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-   -   Cool tips for cutting dihedral? (http://www.Wattflyer.com/forums/showthread.php?t=73781)

mclarkson 05-22-2014 08:47 AM

Cool tips for cutting dihedral?
 
Let's say I have a wing with no dihedral, such as this one:

http://rc.markclarkson.com/wp-conten...5/build001.jpg

And I decide that it really needs some dihedral. (Maybe 4°)

I am not much of a craftsman. Before I started building foamies a few years ago, I'd never built anything in my life. So I have no table saw, no band saw ... no fancy tools of any kind.

I'm unlikely to buy a table saw ($money$) or try to build a precision hot wire cutter (*skill*).

Is there a trick to measuring / scribing a wing to cut at the proper angle? I cheap tool I might not know about?

JetPlaneFlyer 05-22-2014 08:54 AM

A standard woodworker's Try-Square should be all that's needed to get a perfectly square cut line: http://www.technologystudent.com/equip1/try1.htm

mclarkson 05-22-2014 09:09 AM

1 Attachment(s)
Ah ... but I don't want a perfectly straight cut - or, at least, not one that's perpendicular to the wing. I want a cut that will give me an angle when I glue the sides back together. The attached photo shows what that cut would look like (though really exaggerated to make it clear.)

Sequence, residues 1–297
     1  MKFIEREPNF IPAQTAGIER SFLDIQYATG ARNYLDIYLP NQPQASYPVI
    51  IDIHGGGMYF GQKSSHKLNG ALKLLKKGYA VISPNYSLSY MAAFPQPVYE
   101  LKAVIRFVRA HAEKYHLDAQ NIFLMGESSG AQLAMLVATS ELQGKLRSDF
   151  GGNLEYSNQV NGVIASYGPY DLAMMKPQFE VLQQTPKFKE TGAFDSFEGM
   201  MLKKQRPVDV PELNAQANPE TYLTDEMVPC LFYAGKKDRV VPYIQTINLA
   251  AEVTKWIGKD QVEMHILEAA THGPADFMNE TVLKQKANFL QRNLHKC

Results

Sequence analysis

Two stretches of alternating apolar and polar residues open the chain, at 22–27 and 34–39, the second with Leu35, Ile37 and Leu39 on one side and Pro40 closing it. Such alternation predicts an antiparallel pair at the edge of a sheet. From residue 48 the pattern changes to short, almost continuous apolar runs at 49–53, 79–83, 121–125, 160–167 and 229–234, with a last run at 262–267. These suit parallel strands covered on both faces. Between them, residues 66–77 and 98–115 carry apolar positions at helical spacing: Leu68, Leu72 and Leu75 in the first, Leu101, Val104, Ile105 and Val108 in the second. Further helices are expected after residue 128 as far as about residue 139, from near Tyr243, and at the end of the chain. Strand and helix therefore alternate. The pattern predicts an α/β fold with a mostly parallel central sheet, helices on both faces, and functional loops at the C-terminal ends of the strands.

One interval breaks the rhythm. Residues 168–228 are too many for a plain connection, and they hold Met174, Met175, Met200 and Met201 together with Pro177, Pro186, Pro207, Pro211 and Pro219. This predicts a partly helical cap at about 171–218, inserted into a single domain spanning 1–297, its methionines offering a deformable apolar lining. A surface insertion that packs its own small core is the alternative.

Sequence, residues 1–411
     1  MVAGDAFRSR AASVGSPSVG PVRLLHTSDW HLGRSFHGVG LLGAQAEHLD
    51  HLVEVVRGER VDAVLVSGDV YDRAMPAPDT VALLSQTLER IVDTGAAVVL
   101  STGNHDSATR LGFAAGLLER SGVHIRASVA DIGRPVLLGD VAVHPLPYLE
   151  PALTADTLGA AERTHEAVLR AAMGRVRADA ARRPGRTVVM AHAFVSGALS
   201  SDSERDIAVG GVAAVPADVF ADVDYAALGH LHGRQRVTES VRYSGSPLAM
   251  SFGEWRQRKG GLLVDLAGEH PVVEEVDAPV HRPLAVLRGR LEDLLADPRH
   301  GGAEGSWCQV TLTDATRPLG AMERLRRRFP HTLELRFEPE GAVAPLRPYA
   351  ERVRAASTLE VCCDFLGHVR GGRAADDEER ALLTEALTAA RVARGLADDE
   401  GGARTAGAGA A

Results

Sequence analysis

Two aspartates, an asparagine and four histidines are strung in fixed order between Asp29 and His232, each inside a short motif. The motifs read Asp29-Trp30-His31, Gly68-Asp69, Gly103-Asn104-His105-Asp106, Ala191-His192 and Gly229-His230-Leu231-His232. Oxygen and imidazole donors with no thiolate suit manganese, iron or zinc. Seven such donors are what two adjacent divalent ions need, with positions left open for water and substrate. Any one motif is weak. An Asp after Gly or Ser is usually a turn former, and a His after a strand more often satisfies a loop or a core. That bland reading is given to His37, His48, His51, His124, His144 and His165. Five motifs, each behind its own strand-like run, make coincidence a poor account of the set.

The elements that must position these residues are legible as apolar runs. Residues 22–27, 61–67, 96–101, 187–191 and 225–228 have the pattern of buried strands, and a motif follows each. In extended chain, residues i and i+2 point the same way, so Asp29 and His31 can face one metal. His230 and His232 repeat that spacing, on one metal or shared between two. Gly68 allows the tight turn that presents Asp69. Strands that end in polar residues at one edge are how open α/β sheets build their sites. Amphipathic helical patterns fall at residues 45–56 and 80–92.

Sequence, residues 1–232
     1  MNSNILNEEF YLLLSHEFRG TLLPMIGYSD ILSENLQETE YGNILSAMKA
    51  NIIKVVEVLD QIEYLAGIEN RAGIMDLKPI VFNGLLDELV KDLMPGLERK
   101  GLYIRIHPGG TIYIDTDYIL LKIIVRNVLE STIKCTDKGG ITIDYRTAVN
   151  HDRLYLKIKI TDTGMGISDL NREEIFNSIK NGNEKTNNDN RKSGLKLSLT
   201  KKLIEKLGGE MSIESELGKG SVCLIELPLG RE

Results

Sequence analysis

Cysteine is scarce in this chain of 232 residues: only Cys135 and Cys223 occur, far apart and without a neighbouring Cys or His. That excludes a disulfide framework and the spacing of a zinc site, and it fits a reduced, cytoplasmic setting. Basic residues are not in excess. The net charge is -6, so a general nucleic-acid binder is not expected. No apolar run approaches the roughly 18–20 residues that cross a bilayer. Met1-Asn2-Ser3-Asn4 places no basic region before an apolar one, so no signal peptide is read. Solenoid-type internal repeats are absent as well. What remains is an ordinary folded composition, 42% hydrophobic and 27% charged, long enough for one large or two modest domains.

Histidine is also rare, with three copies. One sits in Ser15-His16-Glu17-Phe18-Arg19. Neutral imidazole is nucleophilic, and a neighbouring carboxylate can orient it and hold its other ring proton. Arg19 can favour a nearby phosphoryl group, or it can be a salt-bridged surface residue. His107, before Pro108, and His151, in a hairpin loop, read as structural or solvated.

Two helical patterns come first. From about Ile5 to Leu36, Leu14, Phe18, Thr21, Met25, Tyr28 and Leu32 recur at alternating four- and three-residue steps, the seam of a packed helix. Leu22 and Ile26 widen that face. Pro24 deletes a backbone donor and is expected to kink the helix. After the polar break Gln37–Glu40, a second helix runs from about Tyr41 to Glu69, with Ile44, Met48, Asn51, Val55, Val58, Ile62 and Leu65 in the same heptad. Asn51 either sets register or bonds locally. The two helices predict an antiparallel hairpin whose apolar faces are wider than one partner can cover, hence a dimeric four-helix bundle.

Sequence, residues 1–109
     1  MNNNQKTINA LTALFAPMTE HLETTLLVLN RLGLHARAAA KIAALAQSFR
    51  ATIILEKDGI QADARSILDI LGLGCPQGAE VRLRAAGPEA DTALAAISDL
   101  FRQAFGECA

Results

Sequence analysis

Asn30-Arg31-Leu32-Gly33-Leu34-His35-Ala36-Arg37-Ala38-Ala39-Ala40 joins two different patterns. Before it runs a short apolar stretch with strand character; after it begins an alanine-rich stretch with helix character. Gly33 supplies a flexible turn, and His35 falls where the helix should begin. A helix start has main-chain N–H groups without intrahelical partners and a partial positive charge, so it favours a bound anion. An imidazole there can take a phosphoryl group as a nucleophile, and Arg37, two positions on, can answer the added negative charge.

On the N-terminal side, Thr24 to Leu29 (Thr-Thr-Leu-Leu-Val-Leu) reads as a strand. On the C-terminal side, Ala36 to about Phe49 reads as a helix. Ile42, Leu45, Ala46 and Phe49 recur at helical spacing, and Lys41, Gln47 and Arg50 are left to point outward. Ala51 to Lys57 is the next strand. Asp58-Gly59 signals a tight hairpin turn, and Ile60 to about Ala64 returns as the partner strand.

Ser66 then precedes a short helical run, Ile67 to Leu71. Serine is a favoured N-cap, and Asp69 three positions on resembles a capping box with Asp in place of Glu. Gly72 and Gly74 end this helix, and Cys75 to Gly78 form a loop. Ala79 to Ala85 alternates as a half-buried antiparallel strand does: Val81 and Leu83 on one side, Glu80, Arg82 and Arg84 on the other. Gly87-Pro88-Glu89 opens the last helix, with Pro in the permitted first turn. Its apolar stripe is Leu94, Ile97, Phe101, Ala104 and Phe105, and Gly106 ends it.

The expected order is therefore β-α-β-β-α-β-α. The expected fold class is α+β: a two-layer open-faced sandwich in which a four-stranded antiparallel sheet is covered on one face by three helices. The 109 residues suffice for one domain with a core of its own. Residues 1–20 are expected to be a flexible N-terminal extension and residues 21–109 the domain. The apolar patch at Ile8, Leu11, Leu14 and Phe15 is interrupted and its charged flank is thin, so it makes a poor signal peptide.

JetPlaneFlyer 05-22-2014 10:51 AM

ok.. If I were doing it I'd make a straight cut with the Try-Square then prop the wing up at the desired dihedral angle with the edge requiring bevelling aligned with the edge of a thick table or similar work surface with a good deep edge. Hold the wing firmly in place with pins or whatever works.

Taking a large sanding block, use the thick edge of the table as a guide to sand the bevel into the wing. Consentrate on keeping the block flat against the edge.

Best not use your new mahogany dining table for this;)

CHELLIE 05-22-2014 11:01 AM

JPF is right :ws: cut the wing, prop it up on one side, then sand it with a block sander, use a smooth board with a line drawn on it with a magic marker for alignment, it wont take very much sanding, then epoxy the two half’s back together.

solentlife 05-22-2014 12:09 PM

Me ?

I'd only cut part way through leaving top still joined.

I'd then place one wing flat on a flat board raised of the bench upside down.... place weights on it.
I'd then ease the other wing panel down till tip touches bench creating a V slot in the wing centre where I cut.